Saturday 25 January 2014

The death of a dream

"We travelled to New York and talked to UN ambassadors, including the US's Susan Rice. We told them, please don't ignore the frictions that were hidden due to the war for independence. But they thought about development and the economy taking off and said: 'Let's just throw money at it.'
"The voices urging governance were in the minority and neglected and not heard," he says. "The media focused on development and service provision. Governance is the key challenge in South Sudan. After independence, we have not given ourselves time to look at it. We have not learned from the mistakes of Sudan." 
The Guardian: South Sudan: the death of a dream, January 20, 2014 
For Clark, the donor focus on the technical aspects of state-building, such as service delivery, crucially overlooked more fundamental issues including reconciliation and political dialogue. She sees parallels between South Sudan and Timor Leste, which suffered a similar political breakdown, albeit on a smaller scale, after it became independent from Indonesia in 1999.
The UN declared victory and drew down its peacekeeping mission, but in 2008-09 returning refugees and internally displaced people destabilised the country's fragile peace.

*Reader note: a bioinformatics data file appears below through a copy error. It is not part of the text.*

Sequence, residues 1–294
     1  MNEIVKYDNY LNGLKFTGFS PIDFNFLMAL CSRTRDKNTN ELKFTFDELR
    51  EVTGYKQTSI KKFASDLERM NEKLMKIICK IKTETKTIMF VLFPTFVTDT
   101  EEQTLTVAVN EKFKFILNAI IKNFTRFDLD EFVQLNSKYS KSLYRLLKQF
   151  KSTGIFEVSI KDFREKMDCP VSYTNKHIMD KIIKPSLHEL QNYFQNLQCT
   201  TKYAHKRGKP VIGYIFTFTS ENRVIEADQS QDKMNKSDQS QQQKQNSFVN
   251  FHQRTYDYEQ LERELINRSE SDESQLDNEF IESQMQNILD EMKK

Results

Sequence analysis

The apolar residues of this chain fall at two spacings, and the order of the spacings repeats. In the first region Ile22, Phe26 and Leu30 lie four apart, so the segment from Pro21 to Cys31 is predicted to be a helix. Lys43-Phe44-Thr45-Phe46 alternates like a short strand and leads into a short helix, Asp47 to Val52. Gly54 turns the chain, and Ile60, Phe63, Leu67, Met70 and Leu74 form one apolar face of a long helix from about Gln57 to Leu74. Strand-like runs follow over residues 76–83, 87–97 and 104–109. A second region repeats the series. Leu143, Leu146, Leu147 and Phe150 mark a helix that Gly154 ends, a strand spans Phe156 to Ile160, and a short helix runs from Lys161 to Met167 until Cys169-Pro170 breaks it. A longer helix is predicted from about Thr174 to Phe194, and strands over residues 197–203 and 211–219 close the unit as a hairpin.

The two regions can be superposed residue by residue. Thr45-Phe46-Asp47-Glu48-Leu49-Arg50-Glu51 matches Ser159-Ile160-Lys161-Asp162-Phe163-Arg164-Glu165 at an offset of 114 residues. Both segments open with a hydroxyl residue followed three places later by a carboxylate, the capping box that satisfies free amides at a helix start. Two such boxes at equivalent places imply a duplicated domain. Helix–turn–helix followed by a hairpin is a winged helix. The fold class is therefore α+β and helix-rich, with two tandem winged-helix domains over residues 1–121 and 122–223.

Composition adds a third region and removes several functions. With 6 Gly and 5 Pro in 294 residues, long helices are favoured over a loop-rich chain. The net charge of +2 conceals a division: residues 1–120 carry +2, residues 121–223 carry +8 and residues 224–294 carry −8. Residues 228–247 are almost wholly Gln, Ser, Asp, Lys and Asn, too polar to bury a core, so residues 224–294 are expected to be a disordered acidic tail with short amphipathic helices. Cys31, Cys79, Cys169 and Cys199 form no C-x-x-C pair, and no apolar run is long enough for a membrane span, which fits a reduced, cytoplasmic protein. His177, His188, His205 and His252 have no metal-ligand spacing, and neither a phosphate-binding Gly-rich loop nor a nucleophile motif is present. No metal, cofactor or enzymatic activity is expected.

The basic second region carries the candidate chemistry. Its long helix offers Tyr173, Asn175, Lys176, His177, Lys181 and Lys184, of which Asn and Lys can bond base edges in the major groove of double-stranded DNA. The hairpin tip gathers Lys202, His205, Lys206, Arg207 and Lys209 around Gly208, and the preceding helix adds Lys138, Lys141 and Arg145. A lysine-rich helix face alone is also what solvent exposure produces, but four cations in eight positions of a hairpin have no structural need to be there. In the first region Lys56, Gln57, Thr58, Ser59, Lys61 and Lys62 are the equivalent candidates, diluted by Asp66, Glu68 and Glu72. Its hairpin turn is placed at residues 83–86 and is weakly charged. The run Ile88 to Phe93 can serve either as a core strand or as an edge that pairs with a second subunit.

The Guardian: South Sudan failed by misjudgment of international community, says UN chief, January 22, 2014 
And more: Documents have appeared that show "the systematic killing of about 11,000 detainees" in Syria, as the Syrian peace conference continues without much hope for success, openDemocracy analyzes the impact of the conflict on Israeli-Syrian relations, IRIN on "the politics of preventing genocide", the historic deal between Iran and the P5+1 group reached in November is in danger of not making it through the U.S. Congress, The New York Review of Books on Russian security in the light of recent bombings and the Olympic Games starting in two weeks, this NY Times op-ed argues for foreign troops to stay in Afghanistan beyond the 2014 deadline, and David Remnick portrays President Obama in this very detailed article, and an article that puts Kinofil, a recent film about the fate of dogs in the Bosnian capital into perspective:
The fate of these dogs appears to be a suitable metaphor for the state of Bosnia and Herzegovina: if the state apparatus doesn't function on the level of dogs, it can't function on the level of people either. Ignoring the law creates conditions in which inhuman behaviour goes unpunished and, therefore, becomes habitual. The attitude towards the dogs reflects the attitude towards all who are weak, defenceless, different. 
Eurozine: The dogs of Sarajevo, January 2014

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